Challenger Disaster 30 Years Later: A Photographer Reflects

"There were people beside me that had never seen a launch before and they said, 'Oh wow, isn't that cool!' Well, I knew right then this was a disaster," Photojournalist Red Huber remarks in this video interview, in which he talks about his history covering the shuttle program, forming personal relationships with the astronauts, and the events and mood of that fateful day.

No one outside of NASA knows shuttle launches better than Red Huber. He covered them for thirty years, from the very first to the very last, and because of that, he came to know many of NASA's astronauts personally from photographing them in training and photo ops.

They get to know you, because, you know, when you cover a beat like this, you've got to make those connections, and it's amazing how much I value those relationships. You know, I've got to document this moment, but in the other side of me, I'm thinking, 'Oh my gosh.' You know, I think of Judy Resnik, I think of Christa McAuliffe, I think of all... I think about the commander. I think about all of the people I got to meet, and it kind of personalizes it more so. You still, as a photojournalist, you have to stay down the middle and separate. You can't let your emotions affect the photograph. Then, it becomes not a true moment. But I still captured from my angle what I saw.

Check out this article from the Poynter Institute to read another interview and learn more about Huber and his history of photographing shuttle launches. You can also see several of his iconic photos in a pictorial retrospective the Orlando Sentinel put together as a tribute to those who died.

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Sean Molin is an award-winning photographer out of Indianapolis who specializes in weddings, portraits, travel, and live music photography. He has had work featured in galleries and in magazines ranging from Popular Photography to Rolling Stone.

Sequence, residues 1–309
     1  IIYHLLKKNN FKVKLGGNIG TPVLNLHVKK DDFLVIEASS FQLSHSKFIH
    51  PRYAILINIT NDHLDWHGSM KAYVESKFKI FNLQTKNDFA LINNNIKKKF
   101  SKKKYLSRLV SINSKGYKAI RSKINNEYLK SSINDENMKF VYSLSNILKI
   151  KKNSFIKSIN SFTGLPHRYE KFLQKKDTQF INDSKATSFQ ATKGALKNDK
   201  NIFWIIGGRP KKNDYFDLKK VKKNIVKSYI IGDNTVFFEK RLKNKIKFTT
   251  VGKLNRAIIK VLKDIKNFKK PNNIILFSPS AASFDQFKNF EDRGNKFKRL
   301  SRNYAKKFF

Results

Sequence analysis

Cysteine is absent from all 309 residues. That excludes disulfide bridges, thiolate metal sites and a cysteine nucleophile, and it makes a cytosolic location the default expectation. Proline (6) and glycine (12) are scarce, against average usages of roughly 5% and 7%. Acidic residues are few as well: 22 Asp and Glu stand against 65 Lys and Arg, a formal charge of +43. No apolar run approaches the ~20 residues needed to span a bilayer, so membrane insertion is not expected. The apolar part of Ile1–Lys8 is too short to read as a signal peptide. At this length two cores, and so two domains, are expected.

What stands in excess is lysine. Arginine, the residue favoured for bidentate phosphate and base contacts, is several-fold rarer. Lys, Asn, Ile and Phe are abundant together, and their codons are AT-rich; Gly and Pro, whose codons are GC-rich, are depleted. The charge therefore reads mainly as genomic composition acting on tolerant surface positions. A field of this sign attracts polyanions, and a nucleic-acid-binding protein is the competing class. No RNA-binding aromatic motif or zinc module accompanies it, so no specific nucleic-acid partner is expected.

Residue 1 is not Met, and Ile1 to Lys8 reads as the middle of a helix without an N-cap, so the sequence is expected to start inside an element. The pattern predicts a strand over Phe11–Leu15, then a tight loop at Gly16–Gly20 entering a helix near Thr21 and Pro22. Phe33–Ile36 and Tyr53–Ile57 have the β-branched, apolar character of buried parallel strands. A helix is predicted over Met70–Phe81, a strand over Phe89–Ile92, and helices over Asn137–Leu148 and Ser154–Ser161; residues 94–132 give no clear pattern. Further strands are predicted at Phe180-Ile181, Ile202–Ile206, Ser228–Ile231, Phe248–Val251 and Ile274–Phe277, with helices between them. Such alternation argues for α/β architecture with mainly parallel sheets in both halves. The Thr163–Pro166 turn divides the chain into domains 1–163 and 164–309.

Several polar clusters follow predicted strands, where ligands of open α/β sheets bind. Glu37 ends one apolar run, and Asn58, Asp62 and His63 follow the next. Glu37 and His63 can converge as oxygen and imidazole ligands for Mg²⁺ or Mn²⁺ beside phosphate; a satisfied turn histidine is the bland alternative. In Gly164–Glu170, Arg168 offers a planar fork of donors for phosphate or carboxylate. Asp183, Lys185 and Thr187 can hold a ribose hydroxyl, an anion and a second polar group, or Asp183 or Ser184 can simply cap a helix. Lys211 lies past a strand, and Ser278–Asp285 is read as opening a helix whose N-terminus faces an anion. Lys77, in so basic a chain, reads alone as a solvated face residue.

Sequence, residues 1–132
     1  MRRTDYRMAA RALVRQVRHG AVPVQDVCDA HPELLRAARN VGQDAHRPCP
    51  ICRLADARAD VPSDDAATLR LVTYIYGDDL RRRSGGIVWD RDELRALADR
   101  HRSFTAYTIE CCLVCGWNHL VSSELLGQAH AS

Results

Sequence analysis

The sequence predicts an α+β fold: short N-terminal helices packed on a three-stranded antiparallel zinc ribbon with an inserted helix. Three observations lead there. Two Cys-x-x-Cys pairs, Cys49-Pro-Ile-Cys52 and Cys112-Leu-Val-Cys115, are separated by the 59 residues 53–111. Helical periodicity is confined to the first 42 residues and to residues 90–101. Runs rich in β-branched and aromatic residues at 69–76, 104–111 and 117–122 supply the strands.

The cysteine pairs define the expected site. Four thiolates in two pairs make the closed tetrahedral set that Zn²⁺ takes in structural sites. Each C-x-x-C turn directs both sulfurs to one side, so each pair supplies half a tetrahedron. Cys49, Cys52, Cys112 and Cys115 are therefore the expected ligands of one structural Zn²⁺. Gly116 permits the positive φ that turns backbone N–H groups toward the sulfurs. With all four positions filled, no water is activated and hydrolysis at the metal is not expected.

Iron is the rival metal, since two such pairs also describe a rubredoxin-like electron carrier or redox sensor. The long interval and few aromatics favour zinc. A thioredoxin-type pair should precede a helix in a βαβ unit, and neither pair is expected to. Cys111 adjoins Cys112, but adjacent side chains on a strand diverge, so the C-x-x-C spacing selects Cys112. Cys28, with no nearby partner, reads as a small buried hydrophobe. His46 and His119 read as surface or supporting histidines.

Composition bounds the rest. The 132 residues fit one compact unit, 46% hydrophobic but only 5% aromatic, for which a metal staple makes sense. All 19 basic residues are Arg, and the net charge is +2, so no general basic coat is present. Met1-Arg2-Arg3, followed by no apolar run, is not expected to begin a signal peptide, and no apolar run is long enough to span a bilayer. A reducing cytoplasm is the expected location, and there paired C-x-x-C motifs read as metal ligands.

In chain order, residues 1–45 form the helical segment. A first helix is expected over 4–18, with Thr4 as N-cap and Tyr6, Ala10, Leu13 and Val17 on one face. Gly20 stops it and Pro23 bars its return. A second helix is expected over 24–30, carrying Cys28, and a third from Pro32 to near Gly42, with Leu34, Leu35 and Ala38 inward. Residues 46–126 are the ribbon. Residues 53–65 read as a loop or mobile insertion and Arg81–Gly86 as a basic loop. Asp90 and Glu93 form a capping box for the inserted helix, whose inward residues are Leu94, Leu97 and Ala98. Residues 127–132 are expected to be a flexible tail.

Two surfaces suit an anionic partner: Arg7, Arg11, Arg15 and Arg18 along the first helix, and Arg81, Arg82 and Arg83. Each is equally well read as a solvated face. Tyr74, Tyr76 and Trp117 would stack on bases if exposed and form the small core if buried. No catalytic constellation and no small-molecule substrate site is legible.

Coming from web development and IT, he's as much a geek for the gear as he is for taking photos.

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I enjoy Red Huber's work. Back when the Shuttle fleet was flying, he would produce a monthly calendar desktop image that was available for download from the Orlando Sentinel. that featured one of the Space Shuttles.

Popular Mechanics did an excellent piece on this. I suspect many members here are too young to even remember.

I was T-minus 8 months.

My parents had the Kennedys. My generation got the Challenger, Rodney King, Desert Storm, and 911.

Looking at what I just wrote, it makes me sad that I can't immediately think of some defining moment of awesome goodness for my generation.

I was sitting on the floor of my dorm room reading the news paper when I read the news on Q-95 out of Indianapolis...

Good interview, but it would have been interesting to hear the rest of the events of that day as they transpired from Huber's perspective.

Also, as horrific as that day was, it could have been worse emotionally... Recently NASA confirmed Caroll Spinney's story that he had had a series of talks with them about taking Big Bird into space on that mission. Eventually, both sides realized the logistics of taking the costume and making it work in zero gravity were just too much... so they later settled on trying to engage kids with the space program by taking a teacher into space instead. Imagine the mind-job that seeing Big Bird die would have done to young kids across the country if that had happened???